A population-based cohort study investigated postnatal depression in Brazilian women who attempted an abortion. Participants’ views and actions on abortion were assessed during pregnancy and postnatal depression was evaluated with the Edinburgh Postnatal Depression Scale. An unsuccessful abortion attempt was associated with postnatal depression (adjusted OR = 1.6, 95% CI 1.0–2.5). In Brazil abortion is illegal under most circumstances.
The mental health implications of abortion remain unclear.1, 2 Major et al concluded that women who had a legal abortion following unintended pregnancy did not have a higher risk of mental health problems than women whose unplanned pregnancy was carried to term.3 In contrast, Fergusson et al found that women who had had an abortion were more likely to have mental disorder.4 Findings from studies in countries where abortion is legal and readily available cannot be compared with those from settings where it is almost impossible to obtain a legal abortion.1 In countries with liberal abortion laws, women who carry an unwanted pregnancy to term choose to do so; this represents a group distinct from women living in countries where this choice is unavailable. In a previous cross-sectional study we found that women who unsuccessfully attempted an abortion in their current pregnancy had an increased prevalence of anxiety and depression during the antenatal period.5 We report here the results of a longitudinal study that investigated postnatal depression in women who unsuccessfully attempted an abortion during pregnancy.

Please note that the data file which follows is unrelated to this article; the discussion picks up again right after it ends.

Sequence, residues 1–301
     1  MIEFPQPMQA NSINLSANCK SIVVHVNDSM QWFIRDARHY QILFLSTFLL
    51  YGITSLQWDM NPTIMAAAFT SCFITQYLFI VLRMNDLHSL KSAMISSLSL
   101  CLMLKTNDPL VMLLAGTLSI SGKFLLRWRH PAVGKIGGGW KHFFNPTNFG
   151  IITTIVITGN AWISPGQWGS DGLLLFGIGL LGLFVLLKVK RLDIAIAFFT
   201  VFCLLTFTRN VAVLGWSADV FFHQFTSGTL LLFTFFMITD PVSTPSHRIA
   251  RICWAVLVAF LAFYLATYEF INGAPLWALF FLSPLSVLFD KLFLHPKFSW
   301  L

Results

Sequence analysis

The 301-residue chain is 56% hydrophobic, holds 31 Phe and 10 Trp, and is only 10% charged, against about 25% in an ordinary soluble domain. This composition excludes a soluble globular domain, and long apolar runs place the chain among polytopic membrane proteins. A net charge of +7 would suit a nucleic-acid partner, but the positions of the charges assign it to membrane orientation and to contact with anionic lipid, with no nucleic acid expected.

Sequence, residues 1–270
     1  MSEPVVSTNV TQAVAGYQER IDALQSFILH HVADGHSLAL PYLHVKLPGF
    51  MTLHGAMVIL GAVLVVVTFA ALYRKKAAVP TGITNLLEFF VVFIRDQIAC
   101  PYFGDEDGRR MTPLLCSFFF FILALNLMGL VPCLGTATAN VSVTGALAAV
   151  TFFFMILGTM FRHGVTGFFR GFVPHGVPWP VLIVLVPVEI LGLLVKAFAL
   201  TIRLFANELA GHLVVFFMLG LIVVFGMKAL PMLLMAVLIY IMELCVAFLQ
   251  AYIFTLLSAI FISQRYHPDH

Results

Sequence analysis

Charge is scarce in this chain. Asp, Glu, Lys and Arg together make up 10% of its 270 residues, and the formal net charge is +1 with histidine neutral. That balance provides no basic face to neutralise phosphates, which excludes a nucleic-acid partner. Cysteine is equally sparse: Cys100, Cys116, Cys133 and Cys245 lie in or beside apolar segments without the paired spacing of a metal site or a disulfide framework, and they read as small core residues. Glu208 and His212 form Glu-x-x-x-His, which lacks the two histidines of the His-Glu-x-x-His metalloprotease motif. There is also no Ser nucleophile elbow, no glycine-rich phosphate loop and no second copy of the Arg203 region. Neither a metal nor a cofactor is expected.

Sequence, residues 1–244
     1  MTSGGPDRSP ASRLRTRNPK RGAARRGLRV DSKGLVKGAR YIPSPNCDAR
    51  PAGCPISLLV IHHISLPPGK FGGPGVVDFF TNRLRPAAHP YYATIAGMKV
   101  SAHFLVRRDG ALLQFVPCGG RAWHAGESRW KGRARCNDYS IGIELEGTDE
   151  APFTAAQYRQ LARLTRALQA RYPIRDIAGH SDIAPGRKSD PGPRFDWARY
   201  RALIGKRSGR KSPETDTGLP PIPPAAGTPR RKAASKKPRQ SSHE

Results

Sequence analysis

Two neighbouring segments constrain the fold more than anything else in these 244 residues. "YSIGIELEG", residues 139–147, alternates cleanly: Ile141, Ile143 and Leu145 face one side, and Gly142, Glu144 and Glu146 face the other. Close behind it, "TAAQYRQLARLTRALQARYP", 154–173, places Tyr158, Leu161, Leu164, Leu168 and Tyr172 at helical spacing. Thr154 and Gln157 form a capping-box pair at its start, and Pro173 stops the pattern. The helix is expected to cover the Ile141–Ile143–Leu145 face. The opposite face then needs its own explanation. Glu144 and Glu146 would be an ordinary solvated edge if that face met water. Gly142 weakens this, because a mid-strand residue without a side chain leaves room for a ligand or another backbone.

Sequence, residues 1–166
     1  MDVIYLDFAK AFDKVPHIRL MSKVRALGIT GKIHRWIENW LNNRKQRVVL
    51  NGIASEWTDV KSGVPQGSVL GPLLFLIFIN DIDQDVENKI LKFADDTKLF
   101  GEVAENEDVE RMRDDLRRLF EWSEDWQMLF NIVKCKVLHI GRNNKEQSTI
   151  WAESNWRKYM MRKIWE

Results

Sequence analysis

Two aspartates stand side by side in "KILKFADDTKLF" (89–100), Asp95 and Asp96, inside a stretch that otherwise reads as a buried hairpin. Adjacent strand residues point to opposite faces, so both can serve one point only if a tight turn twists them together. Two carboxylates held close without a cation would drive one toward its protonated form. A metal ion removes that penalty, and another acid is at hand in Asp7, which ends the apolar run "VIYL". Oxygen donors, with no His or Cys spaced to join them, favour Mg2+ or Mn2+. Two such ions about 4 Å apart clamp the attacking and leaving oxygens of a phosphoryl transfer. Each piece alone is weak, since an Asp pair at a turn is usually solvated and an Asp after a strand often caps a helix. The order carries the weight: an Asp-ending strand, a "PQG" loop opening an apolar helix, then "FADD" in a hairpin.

A cohort study was conducted in an area with a high proportion of low-income families in Recife, northeastern Brazil. The study population (n = 1133) consisted of all pregnant women aged 18–49 years in their third trimester of pregnancy who had registered in the Primary Health Care Program (PHCP). They were identified from antenatal care records in primary care and from the records of community health workers. This allowed inclusion of those not receiving antenatal care at a PHCP unit. Data were collected from July 2005 to December 2006; postnatal interviews took place in the period May to December 2006. The median length of follow-up after delivery was 8.1 months (interquartile range 5.2–10.2). Postnatal depression was evaluated using the Brazilian version of the Edinburgh Postnatal Depression Scale (EPDS),6, 7 with a score of 12 or more on the scale defining a case.7, 8 Women’s views and actions on abortion were recorded during the antenatal interview. Participants were asked whether they had wanted an abortion at any time during their current pregnancy, and those who answered positively were asked if they had attempted an abortion. A question related to the method of terminating the pregnancy was used to check for consistency of response. Potentially confounding variables were assessed: age, ethnicity, currently living with a partner, years of schooling, employment, financial hardship and unwanted pregnancy. The women were also asked about their perception of the father’s acceptance of the pregnancy (content/accepted/indifferent; did not like/other; suggested an abortion) and about their experience of specific acts of psychological, physical and sexual violence by a current or former partner.9 Common mental disorders were assessed in the antenatal period with the 20-item Self-Reporting Questionnaire (SRQ–20).10 Women were asked about their personal history of mental illness. Social support was assessed with the Medical Outcomes Study Social Support Survey.11